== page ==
Israel’s Personality

What I saw was Israel’s government as a giant exaggeration of the personality of the country at large.

People say what’s on their mind, and they say it however they choose. Israelis plow through the world, focusing on completing whatever task is at hand, while completely disregarding any feelings they may trample on along the way.

And from a distance, a tiny nation watched as one man entered the system wildly different from all other politicians in America. He didn’t talk the way they did. Trump didn’t pretend to be anything other then himself, with all his brashness and lack of attention to his words’ collateral damage. He just does and does every single day. Pleasantries and feelings are thrown to the side.

In a world where Donald Trump angers the masses, why is he so beloved in my backyard?


Because Trump truly is an Israeli.


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Posted by jaffeworld in Israel, politics, 0 comments

Five Crappy Things about Israel that Need to Change… Yesterday


OK, I’m a cynic. I get that.

But that doesn’t mean I’m wrong about everything. Nor does it mean my country gets a free pass on me pointing out its garbage.

A lot of people here treat Israel as if it’s a utopia, void of any major issues. People brag left and right about Israel’s accomplishments and constantly regard simple moments of humans acting like humans as “only in Israel” moments.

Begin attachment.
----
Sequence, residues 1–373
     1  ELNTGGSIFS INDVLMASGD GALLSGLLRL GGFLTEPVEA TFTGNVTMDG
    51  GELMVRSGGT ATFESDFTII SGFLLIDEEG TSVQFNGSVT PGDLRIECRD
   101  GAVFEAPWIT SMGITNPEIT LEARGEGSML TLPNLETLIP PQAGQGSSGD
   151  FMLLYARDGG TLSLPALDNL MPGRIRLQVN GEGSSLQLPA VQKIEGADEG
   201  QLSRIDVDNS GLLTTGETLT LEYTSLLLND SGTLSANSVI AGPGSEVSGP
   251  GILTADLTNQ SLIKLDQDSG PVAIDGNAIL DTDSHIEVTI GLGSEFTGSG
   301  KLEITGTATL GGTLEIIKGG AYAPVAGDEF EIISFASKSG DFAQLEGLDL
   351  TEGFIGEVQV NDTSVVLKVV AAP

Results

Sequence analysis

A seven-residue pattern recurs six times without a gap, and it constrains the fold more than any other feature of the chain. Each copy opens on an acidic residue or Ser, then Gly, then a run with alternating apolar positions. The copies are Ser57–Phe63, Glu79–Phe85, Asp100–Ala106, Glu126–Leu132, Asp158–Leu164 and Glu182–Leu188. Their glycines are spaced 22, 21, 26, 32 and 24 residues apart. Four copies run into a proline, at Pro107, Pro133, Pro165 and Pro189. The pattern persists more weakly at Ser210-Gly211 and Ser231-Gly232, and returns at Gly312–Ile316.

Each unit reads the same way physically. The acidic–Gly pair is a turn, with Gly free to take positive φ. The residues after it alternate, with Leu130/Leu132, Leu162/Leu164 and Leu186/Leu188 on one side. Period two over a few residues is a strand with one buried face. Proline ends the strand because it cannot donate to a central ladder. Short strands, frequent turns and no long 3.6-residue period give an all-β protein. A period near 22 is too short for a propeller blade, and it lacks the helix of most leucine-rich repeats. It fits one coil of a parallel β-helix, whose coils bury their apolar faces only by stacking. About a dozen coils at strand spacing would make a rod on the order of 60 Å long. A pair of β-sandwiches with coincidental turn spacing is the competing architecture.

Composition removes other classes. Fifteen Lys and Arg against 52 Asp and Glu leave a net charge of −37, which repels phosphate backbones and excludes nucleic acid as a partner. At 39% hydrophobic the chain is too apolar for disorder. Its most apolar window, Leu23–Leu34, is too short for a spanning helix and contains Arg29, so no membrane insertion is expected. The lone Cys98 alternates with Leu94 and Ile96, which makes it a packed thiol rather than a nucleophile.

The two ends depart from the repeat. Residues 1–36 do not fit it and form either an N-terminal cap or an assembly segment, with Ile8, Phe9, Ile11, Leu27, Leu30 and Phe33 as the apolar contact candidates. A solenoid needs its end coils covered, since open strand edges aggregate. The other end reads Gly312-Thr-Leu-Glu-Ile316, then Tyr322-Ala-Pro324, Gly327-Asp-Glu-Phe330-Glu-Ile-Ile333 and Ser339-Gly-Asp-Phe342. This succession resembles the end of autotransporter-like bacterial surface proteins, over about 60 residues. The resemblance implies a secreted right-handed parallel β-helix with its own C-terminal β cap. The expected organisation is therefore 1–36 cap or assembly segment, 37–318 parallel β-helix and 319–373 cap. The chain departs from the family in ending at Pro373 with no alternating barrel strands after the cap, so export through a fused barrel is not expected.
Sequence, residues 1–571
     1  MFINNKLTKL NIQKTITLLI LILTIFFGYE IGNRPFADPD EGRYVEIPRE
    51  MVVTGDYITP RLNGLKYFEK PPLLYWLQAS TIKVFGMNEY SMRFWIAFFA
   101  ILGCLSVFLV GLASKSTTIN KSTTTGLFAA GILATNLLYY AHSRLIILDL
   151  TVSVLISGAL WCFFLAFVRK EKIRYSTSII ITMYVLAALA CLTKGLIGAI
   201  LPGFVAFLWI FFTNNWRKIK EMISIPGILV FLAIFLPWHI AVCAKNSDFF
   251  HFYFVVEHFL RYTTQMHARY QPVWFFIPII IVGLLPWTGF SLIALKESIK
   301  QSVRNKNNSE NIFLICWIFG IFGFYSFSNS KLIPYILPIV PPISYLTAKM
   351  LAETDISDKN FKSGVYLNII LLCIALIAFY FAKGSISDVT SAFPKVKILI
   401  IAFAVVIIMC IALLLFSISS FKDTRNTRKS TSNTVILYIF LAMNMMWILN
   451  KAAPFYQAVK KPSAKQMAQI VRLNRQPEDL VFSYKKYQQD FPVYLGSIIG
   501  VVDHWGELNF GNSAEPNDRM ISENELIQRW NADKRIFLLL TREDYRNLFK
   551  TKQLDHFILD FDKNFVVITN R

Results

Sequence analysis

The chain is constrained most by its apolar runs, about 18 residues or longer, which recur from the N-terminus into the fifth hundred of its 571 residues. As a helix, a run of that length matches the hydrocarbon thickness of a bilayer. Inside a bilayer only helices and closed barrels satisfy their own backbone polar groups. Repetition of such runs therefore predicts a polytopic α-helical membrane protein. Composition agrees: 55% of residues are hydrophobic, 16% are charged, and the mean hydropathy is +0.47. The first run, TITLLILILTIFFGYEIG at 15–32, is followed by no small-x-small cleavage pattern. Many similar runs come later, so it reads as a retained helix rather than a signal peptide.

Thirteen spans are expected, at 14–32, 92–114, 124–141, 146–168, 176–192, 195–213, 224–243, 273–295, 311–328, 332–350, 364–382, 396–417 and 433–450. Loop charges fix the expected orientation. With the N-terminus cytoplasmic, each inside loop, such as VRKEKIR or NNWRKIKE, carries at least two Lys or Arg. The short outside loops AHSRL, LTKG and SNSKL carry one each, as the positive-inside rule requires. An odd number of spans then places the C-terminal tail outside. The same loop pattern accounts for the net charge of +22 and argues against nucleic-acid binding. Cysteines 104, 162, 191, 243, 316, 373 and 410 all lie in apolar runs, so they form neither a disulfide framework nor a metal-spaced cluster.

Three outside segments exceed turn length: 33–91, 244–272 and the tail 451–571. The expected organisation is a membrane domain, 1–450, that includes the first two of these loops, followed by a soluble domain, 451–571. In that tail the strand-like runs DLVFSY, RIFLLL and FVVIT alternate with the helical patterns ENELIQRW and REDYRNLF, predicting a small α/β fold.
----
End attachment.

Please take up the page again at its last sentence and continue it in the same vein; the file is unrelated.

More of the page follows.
They’ve been ignoring Israel’s problems for so long, sometimes I think people have learned to meditate themselves into a place where they can rest and relax treating all of the problems as if they’re distant memories of Israel’s past.

But they’re not. Israel has real issues. And no excuse for not working tirelessly to fix all of them. Or at least improve upon them.

This post is about five of those problems. They should be far better by now. We can do better. Much better.

1) Housing Crap

If you want to live in a city in Israel, it’s going to cost you. Big time.

So why do we do it?

Well, in some of the more remote areas, getting around without a vehicle is borderline impossible. But getting around with a vehicle is expensive, stressful, and extremely time consuming.